Colorectal cancer is the third leading cause of cancer death in the United States. An AI-assisted device called GI Genius can be a second pair of eyes to help doctors detect suspicious growths that may otherwise get overlooked during a colonoscopy.

The system uses algorithms to look for areas in the colon that could be lesions or polyps. If it finds an area of concern, it highlights it on the view that the doctor sees from the endoscope camera and also makes a sound.

The device doesn’t replace the use of a biopsy to test a tissue sample for cancer. It simply alerts the doctor that a suspected polyp is present, so they can take a closer look.

About one in every eight men will be diagnosed with prostate cancer during his lifetime. AI-based software called Paige Prostate helps pathologists identify suspicious areas in digitally scanned images from prostate biopsies. Pathologists are health care providers that analyze tissue samples. The software finds areas in the biopsy image that are likely to be cancerous but weren’t spotted by the pathologist.

When a pathologist reviews the areas identified by Paige Prostate, they also think about your medical history and the need for more testing of the tissue sample before they make a diagnosis.

Wrist fractures are typically caused by a fall. They’re one of the most common types of bone fractures. Traditionally, doctors use an X-ray to check for a wrist fracture. But since there are several small bones here, a fracture may not show up clearly. Now, they can use AI-based OsteoDetect software to help identify a fracture and its location on the X-ray image.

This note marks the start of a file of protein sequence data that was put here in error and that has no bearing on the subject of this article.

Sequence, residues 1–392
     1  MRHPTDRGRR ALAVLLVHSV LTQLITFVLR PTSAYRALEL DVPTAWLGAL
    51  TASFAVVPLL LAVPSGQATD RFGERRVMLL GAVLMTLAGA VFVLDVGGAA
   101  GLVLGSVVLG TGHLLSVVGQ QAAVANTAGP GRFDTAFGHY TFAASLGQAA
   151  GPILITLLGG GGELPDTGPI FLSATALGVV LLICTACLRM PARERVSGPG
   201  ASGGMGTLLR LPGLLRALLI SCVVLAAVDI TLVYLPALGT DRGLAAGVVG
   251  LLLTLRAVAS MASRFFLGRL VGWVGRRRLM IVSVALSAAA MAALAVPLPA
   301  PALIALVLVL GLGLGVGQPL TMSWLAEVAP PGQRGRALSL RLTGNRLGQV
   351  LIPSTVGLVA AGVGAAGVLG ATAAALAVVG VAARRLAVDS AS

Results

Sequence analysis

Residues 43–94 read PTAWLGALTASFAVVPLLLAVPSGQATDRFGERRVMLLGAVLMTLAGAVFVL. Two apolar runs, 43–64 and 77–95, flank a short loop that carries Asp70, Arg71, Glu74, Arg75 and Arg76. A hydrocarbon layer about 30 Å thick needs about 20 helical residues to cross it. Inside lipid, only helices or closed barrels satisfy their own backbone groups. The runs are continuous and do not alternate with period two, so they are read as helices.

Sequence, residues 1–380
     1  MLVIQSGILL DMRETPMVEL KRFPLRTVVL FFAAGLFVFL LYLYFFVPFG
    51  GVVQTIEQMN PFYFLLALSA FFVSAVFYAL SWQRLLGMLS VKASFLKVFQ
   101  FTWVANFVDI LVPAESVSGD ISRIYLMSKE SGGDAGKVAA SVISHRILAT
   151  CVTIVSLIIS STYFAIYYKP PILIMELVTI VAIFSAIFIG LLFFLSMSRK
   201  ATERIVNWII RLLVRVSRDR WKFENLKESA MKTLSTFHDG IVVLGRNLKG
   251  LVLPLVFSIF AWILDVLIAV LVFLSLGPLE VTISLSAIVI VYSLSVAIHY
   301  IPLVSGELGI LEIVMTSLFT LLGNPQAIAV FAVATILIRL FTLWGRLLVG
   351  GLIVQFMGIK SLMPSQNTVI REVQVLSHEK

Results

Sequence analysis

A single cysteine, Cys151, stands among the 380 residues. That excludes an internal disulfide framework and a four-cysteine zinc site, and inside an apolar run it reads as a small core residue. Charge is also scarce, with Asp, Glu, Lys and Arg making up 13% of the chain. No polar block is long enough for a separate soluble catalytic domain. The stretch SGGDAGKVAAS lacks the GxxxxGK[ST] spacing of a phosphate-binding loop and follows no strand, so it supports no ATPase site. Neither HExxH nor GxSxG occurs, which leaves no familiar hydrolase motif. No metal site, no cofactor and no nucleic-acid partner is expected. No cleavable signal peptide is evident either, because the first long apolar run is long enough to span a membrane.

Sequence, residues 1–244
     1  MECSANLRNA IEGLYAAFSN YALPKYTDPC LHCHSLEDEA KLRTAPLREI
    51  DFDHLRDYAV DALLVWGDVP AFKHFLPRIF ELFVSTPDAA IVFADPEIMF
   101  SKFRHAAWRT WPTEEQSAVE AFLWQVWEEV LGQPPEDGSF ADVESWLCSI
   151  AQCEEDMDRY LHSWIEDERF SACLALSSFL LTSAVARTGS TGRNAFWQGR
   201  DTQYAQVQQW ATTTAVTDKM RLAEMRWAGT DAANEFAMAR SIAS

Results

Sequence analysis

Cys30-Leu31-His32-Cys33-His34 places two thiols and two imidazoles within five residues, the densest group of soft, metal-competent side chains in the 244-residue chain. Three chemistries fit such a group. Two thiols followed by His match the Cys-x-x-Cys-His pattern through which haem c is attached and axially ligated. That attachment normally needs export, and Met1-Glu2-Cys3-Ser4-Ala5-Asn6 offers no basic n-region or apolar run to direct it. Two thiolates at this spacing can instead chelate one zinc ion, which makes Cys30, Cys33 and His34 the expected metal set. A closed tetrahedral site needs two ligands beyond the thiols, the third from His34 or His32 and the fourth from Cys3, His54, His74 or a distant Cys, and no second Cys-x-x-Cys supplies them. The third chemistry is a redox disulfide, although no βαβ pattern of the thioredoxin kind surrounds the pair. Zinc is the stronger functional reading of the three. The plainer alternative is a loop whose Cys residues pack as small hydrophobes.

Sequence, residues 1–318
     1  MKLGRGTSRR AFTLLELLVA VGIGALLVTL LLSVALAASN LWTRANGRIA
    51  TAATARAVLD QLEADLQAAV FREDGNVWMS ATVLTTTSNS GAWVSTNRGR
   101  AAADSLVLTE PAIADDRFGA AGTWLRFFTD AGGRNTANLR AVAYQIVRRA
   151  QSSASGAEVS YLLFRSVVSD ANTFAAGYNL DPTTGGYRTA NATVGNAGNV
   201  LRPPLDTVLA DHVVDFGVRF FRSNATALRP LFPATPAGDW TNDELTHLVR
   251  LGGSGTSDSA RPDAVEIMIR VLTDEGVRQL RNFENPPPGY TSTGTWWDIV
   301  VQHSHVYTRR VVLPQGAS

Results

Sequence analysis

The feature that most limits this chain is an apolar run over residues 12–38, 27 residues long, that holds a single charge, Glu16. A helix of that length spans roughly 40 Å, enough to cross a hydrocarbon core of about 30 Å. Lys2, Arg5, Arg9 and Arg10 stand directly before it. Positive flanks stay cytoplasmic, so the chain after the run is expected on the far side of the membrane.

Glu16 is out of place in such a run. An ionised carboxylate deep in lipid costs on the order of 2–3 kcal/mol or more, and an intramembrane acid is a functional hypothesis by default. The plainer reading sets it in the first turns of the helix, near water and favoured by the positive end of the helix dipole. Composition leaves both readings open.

Without widespread testing, it’s a challenge to detect COVID-19 in people who don’t have symptoms. To help with this, the FDA has given an emergency use authorization to an AI-based screening device called the Tiger Tech COVID Plus Monitor. It can be used by trained personnel to screen people who don’t have a fever -- a common symptom of COVID-19 -- in locations like schools, airports, and workplaces.

This device detects biomarkers that may point to the presence of SARS-CoV-2, the virus that causes COVID-19. It’s an armband with embedded light sensors and a small computer processor. It checks your blood flow and pulse rate to predict excessive blood clotting, which can be seen in people who have COVID-19. Even though the device may help identify COVID-19 without symptoms, it can’t be used to diagnose the infection.

Researchers are also working to develop new AI-powered imaging tools that focus on the lungs and heart. This can help improve care by helping doctors find out how severe a case of COVID-19 is and predict how well you may respond to treatment. Federal agencies and drug companies are using AI to speed up the discovery of new drugs and repurpose existing ones to fight the disease.

As AI continues to transform health care, you can rest assured that it is unlikely to replace humans. Doctors and other health care providers will always be needed to offer the human connection and judgment that is so important to medical care.